I was privileged to facilitate a “Learn shop” at the 14th annual conference of the Great Lakes Bioneers Detroit, targeted primarily at regional leaders working toward environmental sustainability. My own contribution centered on helping learnshop participants use communication theory to engage multiple stakeholders amid the “wicked problems” of environmental sustainability. Drawing from my research, I proposed a Tensions Model centered on recognizing how tensions can be more than just headaches, but can be used constructively once we take the time to appreciate the situation holistically from multiple perspectives. Specifically, the learnshop used four “tension areas” as the starting point to help analyze different problems in small groups.Continue reading “Learnshop on Tensions Model to Negotiate with Environmental Stakeholders at GLBD 2018 Conference”
Whirlwind successfully completed: Sustainability symposium, Journal Special Issue 1st reviews, Alaska research trip
It has been an eventful time since my last post, mostly dominated by organizing the “Social Institutions and Sustainability” symposium on campus at Wayne State University, first level of reviewing submissions for a special issue of Critical Sociology journal, and my recently concluded research trip to Fairbanks, Alaska.Continue reading “Whirlwind successfully completed: Sustainability symposium, Journal Special Issue 1st reviews, Alaska research trip”
Presented on Communicative Complexities of Resource Management in Alaska – Humanities Center Conference
I was thrilled this week to present some emerging vignettes from my research in Alaska at the “Survival”-themed conference organized by Wayne State University’s Humanities Center, as part of its Faculty Fellowships Program. Having received a fellowship for 2014-2015 that helped fund my work in Alaska on resource management policy, I looked forward to sharing some stories encountered on the field, and witnessing the great work by the other awardees.Continue reading “Presented on Communicative Complexities of Resource Management in Alaska – Humanities Center Conference”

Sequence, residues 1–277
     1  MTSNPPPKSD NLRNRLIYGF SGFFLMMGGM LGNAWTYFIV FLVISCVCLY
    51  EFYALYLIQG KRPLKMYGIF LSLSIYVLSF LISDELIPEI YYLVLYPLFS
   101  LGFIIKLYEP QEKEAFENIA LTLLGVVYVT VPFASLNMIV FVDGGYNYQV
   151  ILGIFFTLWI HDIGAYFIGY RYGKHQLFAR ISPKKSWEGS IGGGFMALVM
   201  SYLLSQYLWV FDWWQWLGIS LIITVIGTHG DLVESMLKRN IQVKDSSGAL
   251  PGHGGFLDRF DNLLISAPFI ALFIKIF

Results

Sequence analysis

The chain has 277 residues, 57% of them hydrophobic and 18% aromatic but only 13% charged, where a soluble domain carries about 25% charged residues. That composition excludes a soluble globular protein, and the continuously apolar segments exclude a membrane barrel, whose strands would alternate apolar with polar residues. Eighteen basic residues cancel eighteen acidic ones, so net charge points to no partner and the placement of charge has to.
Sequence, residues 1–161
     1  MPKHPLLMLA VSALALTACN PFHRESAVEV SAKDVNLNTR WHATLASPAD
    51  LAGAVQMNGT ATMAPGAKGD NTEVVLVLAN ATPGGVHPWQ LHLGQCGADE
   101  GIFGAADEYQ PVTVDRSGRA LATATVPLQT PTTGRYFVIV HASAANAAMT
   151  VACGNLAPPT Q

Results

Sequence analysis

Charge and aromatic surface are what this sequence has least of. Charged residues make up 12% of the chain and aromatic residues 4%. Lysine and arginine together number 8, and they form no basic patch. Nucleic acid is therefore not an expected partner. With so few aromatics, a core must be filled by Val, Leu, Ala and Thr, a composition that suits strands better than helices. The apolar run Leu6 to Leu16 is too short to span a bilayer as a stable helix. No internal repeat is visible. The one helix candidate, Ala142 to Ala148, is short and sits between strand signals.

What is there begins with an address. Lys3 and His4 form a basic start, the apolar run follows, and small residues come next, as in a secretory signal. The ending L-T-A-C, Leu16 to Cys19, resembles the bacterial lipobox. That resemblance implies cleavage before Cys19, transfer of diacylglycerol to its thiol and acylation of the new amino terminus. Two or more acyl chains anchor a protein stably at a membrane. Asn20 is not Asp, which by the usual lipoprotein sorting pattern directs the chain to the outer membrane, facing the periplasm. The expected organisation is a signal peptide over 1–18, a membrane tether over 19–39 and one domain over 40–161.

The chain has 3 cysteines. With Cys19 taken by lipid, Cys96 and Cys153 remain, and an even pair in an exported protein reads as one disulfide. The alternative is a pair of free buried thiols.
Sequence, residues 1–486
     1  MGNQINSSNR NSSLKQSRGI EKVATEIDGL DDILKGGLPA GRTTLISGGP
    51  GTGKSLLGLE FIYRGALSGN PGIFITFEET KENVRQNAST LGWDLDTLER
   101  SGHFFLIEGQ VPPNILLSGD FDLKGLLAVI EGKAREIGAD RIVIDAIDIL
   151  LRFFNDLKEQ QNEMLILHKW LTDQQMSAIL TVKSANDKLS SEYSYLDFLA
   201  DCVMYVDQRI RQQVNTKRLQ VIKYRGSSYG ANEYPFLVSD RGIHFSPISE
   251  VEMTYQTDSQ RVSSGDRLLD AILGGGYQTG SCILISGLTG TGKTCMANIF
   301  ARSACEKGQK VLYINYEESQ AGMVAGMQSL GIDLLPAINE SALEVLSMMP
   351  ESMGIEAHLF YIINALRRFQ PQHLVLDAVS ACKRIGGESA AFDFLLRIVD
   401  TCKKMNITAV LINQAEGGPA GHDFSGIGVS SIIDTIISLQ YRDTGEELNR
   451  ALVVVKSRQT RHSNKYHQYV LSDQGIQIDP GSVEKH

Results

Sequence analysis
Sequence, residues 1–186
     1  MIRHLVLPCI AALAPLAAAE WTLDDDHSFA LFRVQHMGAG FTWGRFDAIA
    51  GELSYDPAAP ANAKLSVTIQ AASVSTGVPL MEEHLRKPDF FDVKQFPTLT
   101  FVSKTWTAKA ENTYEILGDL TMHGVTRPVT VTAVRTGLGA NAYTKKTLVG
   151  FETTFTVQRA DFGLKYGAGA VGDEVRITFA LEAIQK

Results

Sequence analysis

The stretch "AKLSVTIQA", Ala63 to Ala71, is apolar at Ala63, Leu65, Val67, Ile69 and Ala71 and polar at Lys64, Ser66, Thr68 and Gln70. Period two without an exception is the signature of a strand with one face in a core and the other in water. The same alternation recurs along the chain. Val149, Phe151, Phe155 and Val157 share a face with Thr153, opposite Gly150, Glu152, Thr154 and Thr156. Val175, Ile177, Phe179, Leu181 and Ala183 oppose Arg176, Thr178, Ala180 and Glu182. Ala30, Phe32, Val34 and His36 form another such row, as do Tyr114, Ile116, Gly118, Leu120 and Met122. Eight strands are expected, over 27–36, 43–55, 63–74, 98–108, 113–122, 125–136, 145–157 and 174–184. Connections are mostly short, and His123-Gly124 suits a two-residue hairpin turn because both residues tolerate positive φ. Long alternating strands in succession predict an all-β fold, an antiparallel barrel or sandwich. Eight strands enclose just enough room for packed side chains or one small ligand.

Climate change response in Alaska: “Do, but don’t talk”?
The other day, I read a news report about how Siberian policymakers are “lukewarm” about the impacts of global warming — or, more accurately, Russian policymakers are lukewarm, whereas local Siberian scientists are sounding the alarm — and it reminded me of the interesting rhetorical response to the same issue in Alaska, a U.S. state that is similarly dependent on fossil fuel extraction, and similarly hungry for infrastructure development.Continue reading “Climate change response in Alaska: “Do, but don’t talk”?”